Get Help With COVID Medical Bills- Organize, Question, Ask for Help

Medical billing is complex and paper-intensive in normal times. Due to the pandemic, it’s become even worse for some people. The New York Times reported on the medical debt many people are facing after COVID-19 treatments. Many clients have leaned on us for years to organize and maintain medical and health records and bills. Here’s what you need to know to manage and organize your medical bills.

How to Get Help with Medical Bills


How to Get Help with Medical Bills Of All Types

  1. Open every piece of mail. Even if or especially if you hate mail, letting it pile up will only increase the amount of mail, since unpaid bills will be re-issued and re-sent. When that happens, it’s hard to keep track of what’s new, and you might feel like you owe more than you really do.
  2. Get organized. Gather all of your paperwork together in a system that works for you. Usually, a simple filing system is a great place to start. A filing cabinet drawer or an inexpensive filing bin from an office supply store with file folders can help you organize bills and correspondence from different offices, along with Explanations of Benefits (EOBs), prescription information, and passwords for medical account websites.
  3. Clear a space. Don’t let medical paperwork take over the tops of your tables and counters. Put it away when you aren’t working on it. Having it out in plain view can contribute to feelings of chronic stress.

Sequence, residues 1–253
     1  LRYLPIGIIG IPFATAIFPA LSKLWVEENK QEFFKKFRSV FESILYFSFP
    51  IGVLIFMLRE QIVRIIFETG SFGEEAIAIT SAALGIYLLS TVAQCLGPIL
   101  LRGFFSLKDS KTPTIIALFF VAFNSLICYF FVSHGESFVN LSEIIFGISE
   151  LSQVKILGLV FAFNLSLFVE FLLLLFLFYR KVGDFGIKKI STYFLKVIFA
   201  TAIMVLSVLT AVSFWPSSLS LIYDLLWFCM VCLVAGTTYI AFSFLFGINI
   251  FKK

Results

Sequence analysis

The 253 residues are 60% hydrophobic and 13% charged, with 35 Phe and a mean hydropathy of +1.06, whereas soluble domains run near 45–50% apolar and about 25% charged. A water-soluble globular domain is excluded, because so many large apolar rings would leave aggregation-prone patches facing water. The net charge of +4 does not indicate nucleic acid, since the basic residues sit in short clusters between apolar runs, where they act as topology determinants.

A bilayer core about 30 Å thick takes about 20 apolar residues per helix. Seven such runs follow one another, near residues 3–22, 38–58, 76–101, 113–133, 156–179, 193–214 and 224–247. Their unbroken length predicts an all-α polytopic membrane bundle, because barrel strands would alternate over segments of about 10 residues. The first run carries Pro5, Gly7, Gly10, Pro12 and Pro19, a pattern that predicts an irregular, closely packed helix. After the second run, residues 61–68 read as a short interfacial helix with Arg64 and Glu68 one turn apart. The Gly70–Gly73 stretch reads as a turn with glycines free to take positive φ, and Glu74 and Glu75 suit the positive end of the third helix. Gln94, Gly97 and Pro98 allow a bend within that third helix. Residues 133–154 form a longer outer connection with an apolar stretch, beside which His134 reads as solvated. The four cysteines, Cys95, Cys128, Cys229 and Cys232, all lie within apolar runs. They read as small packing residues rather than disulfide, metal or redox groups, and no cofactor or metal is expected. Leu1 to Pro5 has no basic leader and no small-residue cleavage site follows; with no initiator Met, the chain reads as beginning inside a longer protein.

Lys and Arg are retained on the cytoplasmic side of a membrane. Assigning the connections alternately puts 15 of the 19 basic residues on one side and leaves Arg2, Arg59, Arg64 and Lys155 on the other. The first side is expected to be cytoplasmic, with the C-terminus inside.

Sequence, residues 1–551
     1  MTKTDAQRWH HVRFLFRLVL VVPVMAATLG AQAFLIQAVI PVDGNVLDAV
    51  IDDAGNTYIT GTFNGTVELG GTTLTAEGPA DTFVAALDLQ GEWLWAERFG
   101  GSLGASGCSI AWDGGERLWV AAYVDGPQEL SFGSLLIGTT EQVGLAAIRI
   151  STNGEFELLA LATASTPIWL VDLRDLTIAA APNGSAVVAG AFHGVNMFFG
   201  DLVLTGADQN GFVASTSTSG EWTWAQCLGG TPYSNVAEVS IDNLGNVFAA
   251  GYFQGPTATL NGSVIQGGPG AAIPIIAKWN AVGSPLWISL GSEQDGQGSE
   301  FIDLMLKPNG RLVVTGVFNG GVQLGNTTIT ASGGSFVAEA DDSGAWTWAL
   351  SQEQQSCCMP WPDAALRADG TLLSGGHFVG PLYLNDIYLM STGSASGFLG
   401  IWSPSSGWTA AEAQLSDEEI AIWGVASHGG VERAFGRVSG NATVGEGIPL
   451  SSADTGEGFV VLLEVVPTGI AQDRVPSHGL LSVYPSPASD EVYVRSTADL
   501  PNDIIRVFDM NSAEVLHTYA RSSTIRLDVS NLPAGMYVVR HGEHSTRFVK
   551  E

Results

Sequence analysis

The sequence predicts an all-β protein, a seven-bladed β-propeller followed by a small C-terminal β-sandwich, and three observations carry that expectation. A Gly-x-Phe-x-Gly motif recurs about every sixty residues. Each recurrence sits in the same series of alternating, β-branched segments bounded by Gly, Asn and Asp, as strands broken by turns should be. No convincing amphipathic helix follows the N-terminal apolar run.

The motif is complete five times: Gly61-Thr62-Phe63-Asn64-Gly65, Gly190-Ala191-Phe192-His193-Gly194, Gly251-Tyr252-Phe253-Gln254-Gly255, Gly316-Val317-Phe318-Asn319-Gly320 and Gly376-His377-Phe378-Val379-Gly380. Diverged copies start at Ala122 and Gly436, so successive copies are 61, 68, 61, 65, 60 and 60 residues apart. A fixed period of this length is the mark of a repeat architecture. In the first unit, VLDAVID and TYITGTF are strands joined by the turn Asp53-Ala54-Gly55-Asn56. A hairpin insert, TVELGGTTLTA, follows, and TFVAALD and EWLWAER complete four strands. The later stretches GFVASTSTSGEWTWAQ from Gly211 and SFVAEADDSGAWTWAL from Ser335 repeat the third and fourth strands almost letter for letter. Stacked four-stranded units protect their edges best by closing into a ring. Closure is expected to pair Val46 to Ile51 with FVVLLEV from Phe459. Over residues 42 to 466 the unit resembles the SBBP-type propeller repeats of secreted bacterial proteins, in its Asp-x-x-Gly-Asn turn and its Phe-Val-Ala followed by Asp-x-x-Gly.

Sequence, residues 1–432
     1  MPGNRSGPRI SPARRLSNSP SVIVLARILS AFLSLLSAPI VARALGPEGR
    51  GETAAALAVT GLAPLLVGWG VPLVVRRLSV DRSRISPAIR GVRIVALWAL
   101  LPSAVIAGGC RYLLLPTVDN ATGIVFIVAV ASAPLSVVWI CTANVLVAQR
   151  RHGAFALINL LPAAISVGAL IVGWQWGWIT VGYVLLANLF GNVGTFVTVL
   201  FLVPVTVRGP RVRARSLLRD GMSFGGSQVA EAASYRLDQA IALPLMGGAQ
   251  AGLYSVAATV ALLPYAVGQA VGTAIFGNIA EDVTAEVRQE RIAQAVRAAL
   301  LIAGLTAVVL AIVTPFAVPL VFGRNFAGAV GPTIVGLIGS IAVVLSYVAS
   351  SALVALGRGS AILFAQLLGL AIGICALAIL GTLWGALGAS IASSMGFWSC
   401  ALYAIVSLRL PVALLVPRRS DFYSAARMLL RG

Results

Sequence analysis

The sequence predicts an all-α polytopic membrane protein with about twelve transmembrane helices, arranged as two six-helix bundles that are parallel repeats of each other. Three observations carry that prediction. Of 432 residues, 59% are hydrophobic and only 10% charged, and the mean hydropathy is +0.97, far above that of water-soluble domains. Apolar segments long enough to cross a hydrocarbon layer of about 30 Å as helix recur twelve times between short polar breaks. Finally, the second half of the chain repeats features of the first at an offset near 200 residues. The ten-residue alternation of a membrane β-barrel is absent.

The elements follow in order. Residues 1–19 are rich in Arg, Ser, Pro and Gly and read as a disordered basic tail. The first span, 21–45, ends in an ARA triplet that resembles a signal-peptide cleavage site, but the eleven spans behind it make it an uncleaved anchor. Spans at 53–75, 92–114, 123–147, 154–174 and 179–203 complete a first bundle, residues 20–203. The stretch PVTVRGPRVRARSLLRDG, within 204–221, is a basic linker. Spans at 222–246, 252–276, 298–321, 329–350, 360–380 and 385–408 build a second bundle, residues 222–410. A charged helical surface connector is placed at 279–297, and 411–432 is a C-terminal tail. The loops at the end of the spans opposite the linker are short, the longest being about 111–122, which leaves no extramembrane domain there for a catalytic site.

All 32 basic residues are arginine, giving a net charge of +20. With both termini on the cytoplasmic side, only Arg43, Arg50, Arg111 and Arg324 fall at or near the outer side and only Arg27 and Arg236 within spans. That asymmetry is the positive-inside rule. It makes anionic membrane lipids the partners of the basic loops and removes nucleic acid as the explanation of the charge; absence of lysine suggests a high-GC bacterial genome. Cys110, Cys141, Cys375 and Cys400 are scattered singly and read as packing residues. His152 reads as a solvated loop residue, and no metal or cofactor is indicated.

4. Get help. If you aren’t normally organized, hire a Certified Professional Organizer at They can work with you in-person or virtually to make sense of your medical billing. They can create a tracking spreadsheet for you. They can also guide you through the process of contacting medical offices or scheduling payments.
  5. Assume there are billing errors. Don’t take unreasonable bill amounts at face value. Ask questions to find out what was billed and why.
  6. Carve out time for phone calls. It’s unfair, but this can feel like a part-time job. Schedule time when offices are open to make the calls to dispute bills and ask for billing adjustments.
  7. Expect delays. It can take days and weeks to hear back on inquiries and appeals. This is another reason to stay organized. Keep good records of who you talked to, when you talked, and when they will respond. Mark those dates on your calendar, and follow up if you haven’t heard about your inquiries.
  8. Pay a little, even if you can’t pay a lot. If valid charges are too large to pay all at once, pursue a payment plan with the provider. If you can’t meet those obligations, continue to pay some small amount, even as little as $10 per month, to keep your account out of collection agencies.
  9. Separate records for the departed. If you’ve lost someone due to COVID, you might be dealing with their medical debt. Keep their records separated from your own, so their estate can dispute and clear their debts separate from your own.
  10. Take care of yourself. Medical debt can be completely overwhelming, even if you are in great health. When you are sick or bereaved, it can just feel like punishment. Be kind to yourself. Eat well. Protect healthy sleep routines. Exercise when you can, which might mean taking a notepad on walks so you can exercise while being on hold or talking with medical providers. Ask for help when you need it. You can only help yourself or others by taking care of yourself.